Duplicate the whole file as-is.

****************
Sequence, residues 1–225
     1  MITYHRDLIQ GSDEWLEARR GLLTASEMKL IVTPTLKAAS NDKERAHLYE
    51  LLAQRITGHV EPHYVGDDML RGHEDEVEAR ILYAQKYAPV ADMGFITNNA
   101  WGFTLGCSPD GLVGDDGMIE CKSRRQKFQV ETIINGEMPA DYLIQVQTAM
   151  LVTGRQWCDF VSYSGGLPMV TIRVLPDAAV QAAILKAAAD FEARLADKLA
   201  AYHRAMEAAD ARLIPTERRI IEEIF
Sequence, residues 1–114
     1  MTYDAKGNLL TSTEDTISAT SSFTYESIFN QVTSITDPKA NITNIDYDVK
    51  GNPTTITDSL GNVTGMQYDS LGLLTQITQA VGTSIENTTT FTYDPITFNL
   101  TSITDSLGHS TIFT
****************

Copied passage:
Sequence, residues 1–225
     1  MITYHRDLIQ GSDEWLEARR GLLTASEMKL IVTPTLKAAS NDKERAHLYE
    51  LLAQRITGHV EPHYVGDDML RGHEDEVEAR ILYAQKYAPV ADMGFITNNA
   101  WGFTLGCSPD GLVGDDGMIE CKSRRQKFQV ETIINGEMPA DYLIQVQTAM
   151  LVTGRQWCDF VSYSGGLPMV TIRVLPDAAV QAAILKAAAD FEARLADKLA
   201  AYHRAMEAAD ARLIPTERRI IEEIF
Sequence, residues 1–114
     1  MTYDAKGNLL TSTEDTISAT SSFTYESIFN QVTSITDPKA NITNIDYDVK
    51  GNPTTITDSL GNVTGMQYDS LGLLTQITQA VGTSIENTTT FTYDPITFNL
   101  TSITDSLGHS TIFT